The Giants maintained their odd trend of missing the playoffs in odd years but winning the World Series in even years. They needed just 88 wins to earn the second NL Wild Card Spot, where they defeated the Pittsburgh Pirates in the one-game playoff. San Francisco would upset the Washington Nationals in the NLDS before eliminating the powerhouse Cardinals in the NLDs.
That set up a showdown against the red-hot underdog, Kansas City Royals. Many knew the Giants weren’t to be taken lightly, having just won two titles in the past four years under dominance from Madison Bumgarner, Buster Posey, Brandon Crawford and others.
The heroics of Bumgarner led the Giants to dynasty status, beating the Royals to win their third championship in five years. Bumgarner went 2-0 in the World Series with an 0.43 ERA in 21 innings pitched. Absolute money.
23. St. Louis Cardinals (2011)
Yep, the Cardinals have sometimes been about being barely-above in the regular season then red-hot in the postseason. But they needed quite a bit of luck to reach the playoffs in 2011.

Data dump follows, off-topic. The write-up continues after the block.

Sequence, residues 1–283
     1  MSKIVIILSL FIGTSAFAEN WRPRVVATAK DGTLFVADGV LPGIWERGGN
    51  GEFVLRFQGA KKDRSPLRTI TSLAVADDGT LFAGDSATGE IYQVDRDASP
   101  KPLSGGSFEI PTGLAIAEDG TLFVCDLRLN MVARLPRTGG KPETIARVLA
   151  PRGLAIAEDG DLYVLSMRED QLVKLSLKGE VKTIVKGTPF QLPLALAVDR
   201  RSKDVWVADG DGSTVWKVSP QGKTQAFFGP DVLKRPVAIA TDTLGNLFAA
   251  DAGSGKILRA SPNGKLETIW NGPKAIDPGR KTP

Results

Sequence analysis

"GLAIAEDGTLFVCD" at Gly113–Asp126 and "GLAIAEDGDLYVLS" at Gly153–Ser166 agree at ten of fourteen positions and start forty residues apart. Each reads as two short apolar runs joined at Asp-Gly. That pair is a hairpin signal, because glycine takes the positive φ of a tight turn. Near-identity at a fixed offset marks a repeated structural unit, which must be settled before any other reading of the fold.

The Atlanta Braves led the NL Wild Card race by 8.5 games in September, but they went 9-18 in the month. They lost Game 162 to the Philadelphia Phillies, while the Cardinals went 18-8 in September to nab the NL Wild Card by a hair.
St. Louis pulled off a major upset over the 102-win Philadelphia Phillies in the NLDS, before taking down the Milwaukee Brewers to book yet another trip to the Fall Classic. The Cardinals would defeat the Texas Rangers in a seven-game thriller, thanks to the clutch play from unlikely hero Davis Freese.
22. Florida Marlins (2003)
After a 16-22 start under manager Jeff Torborg, the Marlins replaced him with respected veteran Jack McKeon, who would turn the season around in a way nobody could have imagined.
The Marlins would go 75-49 under McKeon, snatching the NL Wild Card spot. They were carried by a 20-year-old named Miguel Cabrera, star catcher Ivan Rodriguez and other vets like Derrek Lee and Mike Lowell. Florida had a terrific rotation led by youngsters Josh Beckett and Dontrelle Willis, plus veterans Brad Penny and Carl Pavano.